Together, these studies3,13–15 demonstrate that serum proteins similar to those contained in SBI, including Igs, can manage the negative effects of antigen/toxin challenge on the intestinal epithelial barrier. The proteins contained in SBI have been shown to directly alter the permeability of the intestinal barrier, prevent antigen translocation across damaged tight junctions via direct binding and steric hindrance, and have an impact on tight junction protein expression.13–15 While increased permeability can be the direct result of environmental challenge of the intestinal epithelium, the protective effect of SBI proteins on immune cell migration, cytokine production, and the host microbiota may be equally important in determining if chronic immune activation and persistent increased intestinal barrier permeability result.
Effects on immune balance
The exact etiology of IBS-D is not entirely understood, but immune activation with inflammation is recognized as an important contributor to symptoms in these patients.42–44 For example, inflammation following GI infection is a well-recognized initiating factor in IBS.45 Intestinal inflammation can alter the gut barrier and lead to increased epithelial permeability. Using immunohistochemistry staining, patients with IBS-D were shown to have an increased number and activation of mucosal mast cells in the lamina propria compared to control subjects without IBS-D.42,44 In addition, some studies showed dysregulation of tight junction proteins leading to increased intestinal permeability.43,44 Inflammatory responses are mediated by various cytokines such as IL-1β, IL-6, and tumor necrosis factor (TNF)-α.46 Other cytokines, such as interferon-γ, IL-12, and IL-18 affect the production and cellular response to IL-1β and TNF-α. In models of inflammation where several cytokines are produced, specific blockade of IL-1β and/or TNF-α results in a reduction in the severity of the inflammation.46
Addition of SBI to diets has been shown to reduce the expression of proinflammatory cytokines (eg, TNF-α, IL-6) and alter the lymphocyte response of immune challenge in weaned piglets,13 as well as in experimental models of intestinal inflammation in mice,47,48 rats,4,49 and pigs.5 In an initial clinical trial in patients with HIV-associated enteropathy, SBI significantly increased mucosal CD4+ lymphocyte densities over 8 weeks, but had no effect on circulating CD4+ counts.7 In addition, a marker for enterocyte damage, intestinal fatty acid protein, initially rose in seven of eight subjects after 8 weeks, but then fell below baseline in four of five subjects who continued taking SBI for 40 additional weeks, suggesting that inflammation-based destruction of enterocytes had been ameliorated. Monocyte chemoattractant protein-1 levels were also negatively correlated with lamina propria CD4+ density, suggesting a commonality of systemic inflammation and mucosal immunity. In addition, inflammation-induced tissue remodeling matrix metalloproteinases decreased over time, also suggesting a dampening of inflammation and tissue-specific remodeling in the intestine.7 Collectively, data from these studies support the hypothesis4,5,7,13,47–49 that oral SBI can play a role in restoring GI immune balance.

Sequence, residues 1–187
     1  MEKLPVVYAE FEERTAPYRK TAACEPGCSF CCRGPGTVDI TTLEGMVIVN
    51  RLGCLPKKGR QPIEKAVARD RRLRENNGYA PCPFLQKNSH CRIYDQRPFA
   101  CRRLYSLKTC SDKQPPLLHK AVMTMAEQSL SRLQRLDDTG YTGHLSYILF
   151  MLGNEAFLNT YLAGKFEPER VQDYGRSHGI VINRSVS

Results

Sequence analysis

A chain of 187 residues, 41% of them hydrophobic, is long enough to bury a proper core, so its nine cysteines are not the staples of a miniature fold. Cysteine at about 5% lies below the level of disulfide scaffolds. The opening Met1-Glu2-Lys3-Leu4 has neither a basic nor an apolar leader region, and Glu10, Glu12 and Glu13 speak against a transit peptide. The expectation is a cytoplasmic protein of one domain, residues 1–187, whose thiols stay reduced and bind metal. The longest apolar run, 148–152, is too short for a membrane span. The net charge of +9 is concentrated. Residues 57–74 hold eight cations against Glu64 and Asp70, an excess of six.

The potential mechanisms of action for SBI can be summarized as follows:
- SBI consists of >90% protein, over 50% of which is IgG that appears to survive digestion in the stomach and upper intestine.
- SBI is a protective nutrient, which supports digestive and absorptive properties of the intestinal tract by binding and neutralizing microbial components, which helps to maintain a beneficial gut microbiota, manage gut barrier function, and maintain immune balance. While these effects have been observed in both nonclinical (in vitro, animal) and clinical studies, the significance of the observations from nonclinical studies to humans is not known.
- SBI has been shown in preclinical studies to improve intestinal barrier function with associated decreases in epithelial permeability.
- SBI has been shown to help maintain a GI immune balance in the lamina propria.
- Nutritive effects of SBI include improved uptake and utilization of nutrients as shown in both preclinical and clinical studies that demonstrate: 1) increases in lean body mass; 2) increased utilization and decreased catabolism of protein; and 3) decreased fecal fat and energy loss.
Most therapies that are currently used in the management of patients with enteropathy, such as dietary changes, probiotics, or use of medications to modify gut motility, are aimed at lessening symptoms rather than managing the underlying causes of the disorder. This reality may be due to the complexity of pathophysiological mechanisms involved in enteropathy, which may serve to explain why no one treatment has been shown to be effective in patients with enteropathy. There is a need for a safe nutritional therapy in addition to current treatments that can potentially address the underlying etiology involved in the various patient types. SBI is uniquely formulated and provides a distinct nutrient with a multifaceted mode of action that involves binding and neutralization of microbial components, which helps to maintain a beneficial gut microbiota, manage gut barrier function, and maintain immune balance (Figure 2). These effects collectively serve to improve and maintain nutrient utilization to aid in the management of enteropathy in IBS-D and HIV-infected patients.
Figure 2 Proposed mechanism of action for serum-derived bovine immunoglobulin/protein isolates to aid in the management of enteropathy.